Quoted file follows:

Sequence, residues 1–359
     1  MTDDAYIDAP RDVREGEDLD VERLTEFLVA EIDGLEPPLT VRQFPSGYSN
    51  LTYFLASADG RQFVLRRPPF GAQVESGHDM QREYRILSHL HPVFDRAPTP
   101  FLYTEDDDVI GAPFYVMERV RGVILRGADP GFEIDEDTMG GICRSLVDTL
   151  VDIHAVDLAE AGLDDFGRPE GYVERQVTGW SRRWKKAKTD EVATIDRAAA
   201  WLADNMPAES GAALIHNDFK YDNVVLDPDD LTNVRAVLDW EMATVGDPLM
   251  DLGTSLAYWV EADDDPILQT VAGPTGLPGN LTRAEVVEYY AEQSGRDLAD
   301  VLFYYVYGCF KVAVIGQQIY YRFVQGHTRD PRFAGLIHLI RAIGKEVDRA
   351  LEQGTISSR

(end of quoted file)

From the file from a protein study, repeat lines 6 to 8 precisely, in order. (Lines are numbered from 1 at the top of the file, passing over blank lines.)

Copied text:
   201  WLADNMPAES GAALIHNDFK YDNVVLDPDD LTNVRAVLDW EMATVGDPLM
   251  DLGTSLAYWV EADDDPILQT VAGPTGLPGN LTRAEVVEYY AEQSGRDLAD
   301  VLFYYVYGCF KVAVIGQQIY YRFVQGHTRD PRFAGLIHLI RAIGKEVDRA